Canyonlands National Park

Needles District, copyright Tom Till, Tom Till Photography

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Baked by time like some multi-layer geologic tort, Canyonlands in southeastern Utah features a landscape cut by canyons, rumpled by upthrusts, dimpled by grabens, and even pockmarked, some believe, by ancient asteroids.

A kaleidoscope of tilted and carved geology laid down over the eons -- red and white Cedar Mesa sandstone, the grayish-green Morrison Formation, pinkish Entrada sandstone, tawny Navajo sandstone, just to name a few of the layers -- help make Canyonlands the most rugged national park in the Southwest, and quite possibly if you find yourself deep in the Maze, in the entire Lower 48.

But exploring the park’s 527 square miles does not require you to hoist pack on your back and set off on a week’s journey. Well-maintained state, county, and national park roads help you easily negotiate Canyonlands and find yourself at overlooks and trailheads that show off a landscape both intoxicating in its beauty and mind-boggling in its geology and cultural imprints.

The Island in the Sky District offers views down into the ragged maw of the park, views that quickly explain how Canyonlands got its name, and offers short hikes to ancient granaries.

Set up camp in the Squaw Flat Campground in the Needles District and spend a morning hiking towards Chesler Park and the Creamsicle-hued minarets that quickly rise above you help put “geologic time” in context when you begin to wonder how long it took them to be whittled. Come sundown some of the country’s darkest night skies sparkle with pinpoints of light, as well as the occasional shooting star.

Head to the park’s Horseshoe Canyon Unit and a hike down into the canyon rewards you with the Great Gallery, a sprawling panel of prehistoric artwork that dates, perhaps, to 9,000 years B.C. "when Paleoindians hunted megafauna like mastodons and mammoths across the Southwest.”

Seeking adventure? The Colorado River offers mile-after-mile of white water as well as solitude in a redrock backcountry.

Of course, the gateway town of Moab with its many RV-friendly campgrounds, motels, restaurants, and shops can serve as a spoke for your exploration. Arches National Park, another Southwestern wonder not to be missed, is just 5 miles north of town. Canyonlands’ Island in the Sky District is 27 miles west of town, the Needles District rises 76 miles to the southwest, and the Horseshoe Canyon Unit with its Great Gallery is a longer excursion, 101 miles, one way.

Traveler's Choice For: Hiking, white-water rafting, star-gazing, wildflowers, Native American history

Park History: Canyonlands National Park

You're far from being the first person to set foot in the landscape now called Canyonlands National Park. People have been visiting this region for more than 10,000 years.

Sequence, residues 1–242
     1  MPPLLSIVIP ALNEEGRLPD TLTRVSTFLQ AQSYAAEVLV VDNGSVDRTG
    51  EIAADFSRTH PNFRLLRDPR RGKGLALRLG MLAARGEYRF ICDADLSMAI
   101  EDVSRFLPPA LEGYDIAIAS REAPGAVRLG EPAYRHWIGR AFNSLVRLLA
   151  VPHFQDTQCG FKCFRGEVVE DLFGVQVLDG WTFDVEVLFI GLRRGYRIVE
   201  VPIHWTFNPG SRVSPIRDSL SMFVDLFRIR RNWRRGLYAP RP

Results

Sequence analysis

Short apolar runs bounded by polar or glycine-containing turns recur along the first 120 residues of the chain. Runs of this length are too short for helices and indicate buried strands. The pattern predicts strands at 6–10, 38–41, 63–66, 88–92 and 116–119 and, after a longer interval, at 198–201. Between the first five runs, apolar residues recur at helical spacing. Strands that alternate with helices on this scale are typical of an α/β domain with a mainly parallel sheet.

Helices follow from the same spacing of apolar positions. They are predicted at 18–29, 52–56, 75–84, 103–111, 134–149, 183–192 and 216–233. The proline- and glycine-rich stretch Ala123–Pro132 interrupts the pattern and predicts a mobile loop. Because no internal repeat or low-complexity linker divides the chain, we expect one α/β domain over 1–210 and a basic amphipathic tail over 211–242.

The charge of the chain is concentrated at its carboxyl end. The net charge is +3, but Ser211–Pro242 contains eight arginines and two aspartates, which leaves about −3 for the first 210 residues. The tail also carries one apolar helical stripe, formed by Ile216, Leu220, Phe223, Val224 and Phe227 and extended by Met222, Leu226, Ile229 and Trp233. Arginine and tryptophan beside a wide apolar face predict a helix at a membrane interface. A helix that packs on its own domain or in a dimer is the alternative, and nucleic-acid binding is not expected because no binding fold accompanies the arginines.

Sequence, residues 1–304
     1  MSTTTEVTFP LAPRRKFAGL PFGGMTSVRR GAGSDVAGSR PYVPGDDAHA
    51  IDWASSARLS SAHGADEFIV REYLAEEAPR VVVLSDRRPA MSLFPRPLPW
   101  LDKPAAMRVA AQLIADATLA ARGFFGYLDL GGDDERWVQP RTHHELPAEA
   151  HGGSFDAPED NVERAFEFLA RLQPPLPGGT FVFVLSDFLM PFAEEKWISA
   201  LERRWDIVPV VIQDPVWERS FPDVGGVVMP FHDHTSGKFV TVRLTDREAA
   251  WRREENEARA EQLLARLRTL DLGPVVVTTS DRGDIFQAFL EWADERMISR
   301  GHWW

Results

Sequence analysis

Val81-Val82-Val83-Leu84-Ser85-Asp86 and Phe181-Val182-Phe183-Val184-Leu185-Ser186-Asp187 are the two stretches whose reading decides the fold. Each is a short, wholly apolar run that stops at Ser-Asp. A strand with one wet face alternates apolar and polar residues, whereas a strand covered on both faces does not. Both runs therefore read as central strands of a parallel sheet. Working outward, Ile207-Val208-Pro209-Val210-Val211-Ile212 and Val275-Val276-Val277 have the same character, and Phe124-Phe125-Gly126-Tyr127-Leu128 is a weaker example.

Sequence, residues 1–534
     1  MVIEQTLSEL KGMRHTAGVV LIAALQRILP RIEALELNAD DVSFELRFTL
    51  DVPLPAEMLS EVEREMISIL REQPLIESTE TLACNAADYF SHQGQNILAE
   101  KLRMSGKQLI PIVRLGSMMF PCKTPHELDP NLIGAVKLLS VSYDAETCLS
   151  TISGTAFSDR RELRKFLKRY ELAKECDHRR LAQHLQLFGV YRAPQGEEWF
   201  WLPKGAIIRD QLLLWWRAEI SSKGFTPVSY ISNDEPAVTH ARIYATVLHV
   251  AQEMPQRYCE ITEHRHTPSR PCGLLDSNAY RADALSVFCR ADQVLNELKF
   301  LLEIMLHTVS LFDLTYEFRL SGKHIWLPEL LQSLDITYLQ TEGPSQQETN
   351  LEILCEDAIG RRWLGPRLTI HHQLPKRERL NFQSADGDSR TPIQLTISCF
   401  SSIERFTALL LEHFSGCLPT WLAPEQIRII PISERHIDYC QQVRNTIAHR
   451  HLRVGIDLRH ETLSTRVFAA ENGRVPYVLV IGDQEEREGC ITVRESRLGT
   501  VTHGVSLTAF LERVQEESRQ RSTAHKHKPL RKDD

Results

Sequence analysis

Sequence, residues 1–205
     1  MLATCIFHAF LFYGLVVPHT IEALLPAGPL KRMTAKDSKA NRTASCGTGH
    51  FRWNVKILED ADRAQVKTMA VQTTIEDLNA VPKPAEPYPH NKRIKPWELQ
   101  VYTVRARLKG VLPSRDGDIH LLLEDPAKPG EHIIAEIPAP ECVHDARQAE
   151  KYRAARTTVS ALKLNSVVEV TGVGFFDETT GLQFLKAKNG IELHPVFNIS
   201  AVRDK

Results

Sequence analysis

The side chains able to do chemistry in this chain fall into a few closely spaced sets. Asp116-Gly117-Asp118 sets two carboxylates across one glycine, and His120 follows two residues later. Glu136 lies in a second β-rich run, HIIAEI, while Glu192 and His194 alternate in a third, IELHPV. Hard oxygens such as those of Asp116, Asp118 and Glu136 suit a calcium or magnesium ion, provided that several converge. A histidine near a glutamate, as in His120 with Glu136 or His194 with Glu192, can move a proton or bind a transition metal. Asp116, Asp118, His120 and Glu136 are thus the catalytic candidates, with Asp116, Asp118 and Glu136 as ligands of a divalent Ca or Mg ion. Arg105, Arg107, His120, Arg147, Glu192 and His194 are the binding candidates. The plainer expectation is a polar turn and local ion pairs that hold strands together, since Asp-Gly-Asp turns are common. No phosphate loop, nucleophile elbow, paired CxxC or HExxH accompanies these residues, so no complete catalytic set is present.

Seasons in Canyonlands

From high heat in the middle of summer to the potential of zero degrees Fahrenheit some winter nights, Canyonlands offers a wide range of temperatures and seasons for park goers.

Lodging in Canyonlands

There is no lodging inside Canyonlands. Instead, you need to look to the surrounding communities.

Camping in Canyonlands

When it comes to camping in Canyonlands, front-country sites are at a premium. Some appear ridiculously hard to land. That's why during most of the year you can't just arrive in the park at mid-day expecting to snag one.

Hiking In Canyonlands

Rugged as it seems, Canyonlands National Park has some great hikes -- both those that head off into the backcountry, and others that take you to interesting sights in the front-country.

Running The Rivers in Canyonlands

Getting wet in Canyonlands usually involves a float trip down the Colorado River, but you also can paddle down the Green and end up in the park.

Traveler's Checklist for Canyonlands

Canyonlands is quite accurately described by its name. It's a landscape cut by canyons, rumpled by upthrusts, dimpled by grabens, and even pockmarked, some believe, by asteroids. To explore its 527 square miles acres, you'll need a good rig with good gas mileage, and preferably high ground clearance, for getting around Canyonlands entails a lot of traveling, some down roads that will swallow your average sedan.

Wildlife In Canyonlands

This harsh landscape hides its wildlife well, except for the ubiquitous lizards scampering here and there.

Geology of Canyonlands

Rock. In every direction you glance in Canyonlands your eye confronts rock. And whether it's twisted, contorted, or shattered rock, it's also more likely than not incredibly colorful.

Resources for Planning A Canyonlands Trip

This is where you can find things such as websites, helpful phone numbers, friends groups and cooperating associations, and, sometimes, books relating to the park.

Canyonlands National Park News

Study: Loss Of Colorado River Would Cripple Economies Of Seven States, From Wyoming To California

The prospect of the Colorado River running dry anytime soon is hard to fathom. But if it ever does, it will have a devastating effect on the economies of the seven states that rely on the river's life-giving waters, according to a study prepared by Arizona State University.

The Geology Of Canyonlands National Park

Canyonlands National Park, Chesler Park, copyright Kurt Repanshek
Canyonlands National Park is a geologist's dream.

Float Through Cataract Canyon In Canyonlands National Park With The Traveler

Early fall is an exquisite time to float the Colorado River through Cataract Canyon in Canyonlands National Park. And how better to enjoy that float than with fellow park travelers on this National Parks Traveler adventure?

Canyonlands National Park Images